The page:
People Who Did Fancy The Idea Of A Driverless Car Ride Named The Experience As Their Primary Motivation.


Americans are freaking out about the possibility of driverless cars hitting the road. According to a recent Pew Research Center report , roughly two-thirds of Americans think robocars will dominate roads within the next half-century, yet fewer than half say they would choose to ride in one themselves. Of the people who wouldn’t take a driverless trip, the biggest fears centered around a general lack of trust in the technology—a reluctancy to cede control to a robot—and more specific safety concerns. People who did fancy the idea of a driverless car ride named the experience as their primary motivation. Safety again came in second—this time, due to beliefs that autonomous cars will be safer. The majority of Americans are pessimistic about how self-driving cars will impact society. Sixty-one percent think driverless cars would either increase or have no impact on traffic deaths, 81% expect them to displace professional drivers, and 72% don’t think they will reduce urban traffic. Americans agree on at least one benefit of driverless cars: 75% say they will give the elderly and disabled more independence. The problem: only 35% of Americans ages 50 and up would willingly take a driverless ride.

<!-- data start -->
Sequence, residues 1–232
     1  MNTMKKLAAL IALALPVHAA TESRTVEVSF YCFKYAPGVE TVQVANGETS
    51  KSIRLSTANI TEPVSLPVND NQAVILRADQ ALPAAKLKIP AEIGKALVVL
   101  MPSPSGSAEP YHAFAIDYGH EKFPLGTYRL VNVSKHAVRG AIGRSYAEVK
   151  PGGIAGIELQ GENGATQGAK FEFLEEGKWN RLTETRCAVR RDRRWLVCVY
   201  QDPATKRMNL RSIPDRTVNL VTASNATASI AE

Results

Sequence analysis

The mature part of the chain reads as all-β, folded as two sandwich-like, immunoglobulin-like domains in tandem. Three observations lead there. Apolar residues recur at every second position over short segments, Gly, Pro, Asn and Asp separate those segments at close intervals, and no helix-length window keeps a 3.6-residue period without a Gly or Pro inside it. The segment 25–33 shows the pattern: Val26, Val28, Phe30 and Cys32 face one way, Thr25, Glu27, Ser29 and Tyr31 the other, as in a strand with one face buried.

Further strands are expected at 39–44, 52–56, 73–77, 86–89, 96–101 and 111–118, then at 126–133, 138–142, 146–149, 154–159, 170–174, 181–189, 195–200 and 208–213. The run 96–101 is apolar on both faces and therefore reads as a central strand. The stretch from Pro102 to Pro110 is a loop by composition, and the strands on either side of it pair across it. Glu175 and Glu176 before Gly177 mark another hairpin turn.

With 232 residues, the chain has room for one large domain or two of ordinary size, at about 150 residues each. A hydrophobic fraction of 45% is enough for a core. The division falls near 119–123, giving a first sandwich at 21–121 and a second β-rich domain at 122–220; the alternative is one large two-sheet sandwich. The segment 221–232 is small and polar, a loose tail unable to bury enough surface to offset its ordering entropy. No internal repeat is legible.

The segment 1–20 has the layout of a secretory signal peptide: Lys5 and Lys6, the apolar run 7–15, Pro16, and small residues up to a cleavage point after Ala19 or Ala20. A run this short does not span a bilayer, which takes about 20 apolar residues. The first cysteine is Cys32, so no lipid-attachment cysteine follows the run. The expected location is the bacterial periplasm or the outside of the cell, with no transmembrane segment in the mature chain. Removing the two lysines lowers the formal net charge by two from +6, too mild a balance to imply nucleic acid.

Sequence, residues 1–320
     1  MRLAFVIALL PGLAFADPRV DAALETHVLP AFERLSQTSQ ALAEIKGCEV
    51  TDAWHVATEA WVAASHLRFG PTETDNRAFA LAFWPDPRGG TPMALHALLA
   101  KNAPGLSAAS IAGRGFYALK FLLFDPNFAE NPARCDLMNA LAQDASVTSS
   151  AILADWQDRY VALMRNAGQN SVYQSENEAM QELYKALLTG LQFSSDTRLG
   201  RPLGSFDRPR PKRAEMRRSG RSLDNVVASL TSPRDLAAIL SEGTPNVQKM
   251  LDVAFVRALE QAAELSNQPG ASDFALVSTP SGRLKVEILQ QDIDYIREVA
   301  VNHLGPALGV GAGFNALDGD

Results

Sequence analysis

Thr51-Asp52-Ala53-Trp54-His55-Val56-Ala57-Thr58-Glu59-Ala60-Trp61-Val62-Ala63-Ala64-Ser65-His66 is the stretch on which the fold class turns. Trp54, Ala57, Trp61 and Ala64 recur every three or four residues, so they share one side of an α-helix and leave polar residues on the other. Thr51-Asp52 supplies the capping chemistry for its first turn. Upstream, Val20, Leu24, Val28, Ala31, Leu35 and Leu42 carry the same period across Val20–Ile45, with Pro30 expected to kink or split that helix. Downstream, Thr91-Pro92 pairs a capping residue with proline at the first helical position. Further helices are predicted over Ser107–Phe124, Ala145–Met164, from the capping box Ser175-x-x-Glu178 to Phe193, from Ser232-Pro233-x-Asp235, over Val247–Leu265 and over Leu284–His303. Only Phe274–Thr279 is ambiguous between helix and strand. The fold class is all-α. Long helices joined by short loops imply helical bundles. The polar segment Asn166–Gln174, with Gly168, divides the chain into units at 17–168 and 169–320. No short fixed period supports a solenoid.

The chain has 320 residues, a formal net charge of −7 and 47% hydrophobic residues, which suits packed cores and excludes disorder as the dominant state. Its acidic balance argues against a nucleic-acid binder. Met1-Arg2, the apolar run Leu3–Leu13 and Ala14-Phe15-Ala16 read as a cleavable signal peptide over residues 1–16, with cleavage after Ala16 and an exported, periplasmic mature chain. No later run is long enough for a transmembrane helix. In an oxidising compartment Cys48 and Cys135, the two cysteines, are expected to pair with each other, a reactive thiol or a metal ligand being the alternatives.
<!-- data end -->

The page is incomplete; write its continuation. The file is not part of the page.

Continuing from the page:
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The technology is also becoming more complicated to use. Cars used to have a few buttons and knobs. Some vehicles now have as many as 50 buttons on the steering wheel and dashboard that automatic car parking area barriers are multi-functional. There are touch screens, voice commands, writing pads, heads-up displays on windshields and mirrors and 3-D computer-generated images. "It's adding more and more layers of complexity and information at drivers' fingertips without often considering whether it's a good idea to put it at their fingertips," Strayer said. That complexity increases the overall amount of time drivers spend trying to use the systems. The auto industry says the new systems are better alternatives for drivers than mobile phones and navigation devices that were not designed to be used while driving. The vehicle-integrated systems "are designed to be used in the driving environment and require driver attention that is comparable to tuning the radio or adjusting climate controls, which have always been considered baseline acceptable behaviors while driving," said Wade Newton, a spokesman for the Alliance of Automobile Manufacturers. But Jake Nelson, AAA's director for traffic safety advocacy and research, said drivers testing all 30 of the 2017 model year cars and light trucks took their eyes off the road and hands off the wheel while using infotainment systems.

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